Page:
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# Re: st: Looping across observations (forwards and backwards)

 From Nick Cox To statalist@hsphsun2.harvard.edu Subject Re: st: Looping across observations (forwards and backwards) Date Tue, 4 Oct 2011 19:53:15 +0100

```I have looked at this again. I am still not sure what you are trying
to do here, but this reproduces your first example:

clear all
input v_269 v_270 v_271 desired_sinalt
0 1.4 100 .
1 1.5 100 .
0 1.5 95 .
0 1.4 100 .
2 1.5 100 1
1 1.7 98 .
0 1.2 99 .
2 1.5 95 -1
0 1.8 101 .
end
gen long order = _n
gen start = v_269 == 2
gen block = sum(start)
bysort block (order) : ///
gen match = sum(v_270 == v_270[1] | v_271 == v_271[1])
by block : ///
replace match = sum(cond(inlist(v_269, 1, 0), v_269  * (match == 1),.))
by block : replace match = match[_N]
by block : gen sinalt = cond(match == 1, 1, cond(match == 0, -1, .)) if block

On Tue, Oct 4, 2011 at 3:32 PM, Nick Cox <n.j.cox@durham.ac.uk> wrote:
> I don't fully understand what you are trying to do here, but
>
> local ++j
>
> need not stop before
>
> v_270[`j']==v_270[`i'] | v_271[`j']==v_271[`i']
>
> and perhaps that is not guaranteed for all values of 2.
>
> so perhaps you need another condition to stop it, say that the next value of v_269 is 2.
>
> I think you need another approach. Evidently blocks start with some key values and then you count something within blocks. A few fragmentary suggestions
>
> gen start = v269 == 2
> gen block = sum(start)
> egen start_v269 = total(start * v269), by(block)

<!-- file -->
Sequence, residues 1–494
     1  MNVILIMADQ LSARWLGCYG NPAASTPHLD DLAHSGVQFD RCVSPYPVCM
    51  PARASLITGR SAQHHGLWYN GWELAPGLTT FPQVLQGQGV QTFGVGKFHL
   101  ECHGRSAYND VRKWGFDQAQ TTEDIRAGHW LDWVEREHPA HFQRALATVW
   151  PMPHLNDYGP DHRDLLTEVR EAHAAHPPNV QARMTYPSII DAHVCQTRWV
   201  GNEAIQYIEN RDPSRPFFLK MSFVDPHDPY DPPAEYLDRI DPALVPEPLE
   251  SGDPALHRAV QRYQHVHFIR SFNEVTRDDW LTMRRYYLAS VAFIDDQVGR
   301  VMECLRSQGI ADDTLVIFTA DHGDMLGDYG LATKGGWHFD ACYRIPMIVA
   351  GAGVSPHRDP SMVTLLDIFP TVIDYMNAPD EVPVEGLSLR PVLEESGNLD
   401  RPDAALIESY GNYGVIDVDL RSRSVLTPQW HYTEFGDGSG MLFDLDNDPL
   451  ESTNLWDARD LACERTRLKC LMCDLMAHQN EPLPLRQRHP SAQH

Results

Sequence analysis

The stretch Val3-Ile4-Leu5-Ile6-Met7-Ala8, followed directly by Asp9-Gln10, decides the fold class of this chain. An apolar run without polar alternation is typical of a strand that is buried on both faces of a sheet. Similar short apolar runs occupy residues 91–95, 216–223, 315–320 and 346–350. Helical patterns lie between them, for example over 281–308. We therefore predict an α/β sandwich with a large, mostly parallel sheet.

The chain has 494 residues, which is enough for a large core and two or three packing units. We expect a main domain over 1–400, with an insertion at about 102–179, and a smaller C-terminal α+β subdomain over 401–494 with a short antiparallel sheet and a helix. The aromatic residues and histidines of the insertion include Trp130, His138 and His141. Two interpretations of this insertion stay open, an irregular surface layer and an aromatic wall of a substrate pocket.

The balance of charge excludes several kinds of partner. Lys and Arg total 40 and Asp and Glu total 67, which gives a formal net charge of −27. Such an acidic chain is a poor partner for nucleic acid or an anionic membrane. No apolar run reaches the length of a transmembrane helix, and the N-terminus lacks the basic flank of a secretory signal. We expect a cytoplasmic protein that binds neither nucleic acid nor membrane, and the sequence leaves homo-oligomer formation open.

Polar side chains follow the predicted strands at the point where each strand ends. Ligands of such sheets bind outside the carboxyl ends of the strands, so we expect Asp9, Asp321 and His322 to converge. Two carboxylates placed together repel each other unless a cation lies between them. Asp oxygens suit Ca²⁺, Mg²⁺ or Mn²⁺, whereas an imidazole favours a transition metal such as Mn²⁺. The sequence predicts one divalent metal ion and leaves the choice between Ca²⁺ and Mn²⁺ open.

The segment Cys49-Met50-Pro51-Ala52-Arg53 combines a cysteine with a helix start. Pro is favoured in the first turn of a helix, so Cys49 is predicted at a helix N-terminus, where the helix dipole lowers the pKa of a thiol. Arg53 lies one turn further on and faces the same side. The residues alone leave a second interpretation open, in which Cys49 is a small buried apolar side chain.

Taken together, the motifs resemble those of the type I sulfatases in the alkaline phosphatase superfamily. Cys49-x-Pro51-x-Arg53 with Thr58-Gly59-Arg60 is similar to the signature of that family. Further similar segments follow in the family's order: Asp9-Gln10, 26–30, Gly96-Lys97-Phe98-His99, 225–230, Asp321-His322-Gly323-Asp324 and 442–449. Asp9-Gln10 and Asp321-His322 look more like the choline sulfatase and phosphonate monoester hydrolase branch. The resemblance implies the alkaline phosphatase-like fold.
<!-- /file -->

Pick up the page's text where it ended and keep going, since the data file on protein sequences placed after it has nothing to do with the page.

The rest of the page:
> egen start_v270 = total(start * v270), by(block)
> egen start_v271 = total(start * v271), by(block)
>
>
>
> Nick
> n.j.cox@durham.ac.uk
>
> -----Original Message-----
> From: owner-statalist@hsphsun2.harvard.edu [mailto:owner-statalist@hsphsun2.harvard.edu] On Behalf Of Pedro Nakashima
> Sent: 03 October 2011 20:39
> To: statalist@hsphsun2.harvard.edu
> Subject: Re: st: Looping across observations (forwards and backwards)
>
> Thanks, Nick
>
> When I applied you tip to the code:
>
> clear all
> input v_269 v_270 v_271 desired_sinalt
> 0 1.4 100 .
> 1 1.5 100 .
> 0 1.5 95 .
> 0 1.4 100 .
> 2 1.5 100 1
> 1 1.7 98 .
> 0 1.2 99 .
> 2 1.5 95 -1
> 0 1.8 101 .
> end
> gen order = _n
> gen neworder=-_n
> sort neworder
> gen sinalt=.
> set trace on
> forvalues i=1/`=_N' {
>        if v_269[`i']==2{
>                local j=`i'+1
>                while (v_270[`j']!=v_270[`i'] | v_271[`j']!=v_271[`i']) {
>                        local ++j
>                        }
>                if v_270[`j']==v_270[`i'] | v_271[`j']==v_271[`i'] {
>                        if v_269[`j']==1{
>                                local sinal=1
>                                }
>                        else if  v_269[`j']==0 {
>                                local sinal=-1
>                                }
>                        else {
>                                local sinal=.
>                                }
>                }
>                replace sinalt=`sinal' in `i'
>        }
> }
> set trace off
> sort order
>
> ,, it worked,
>
> But if I replace the third observation as follows: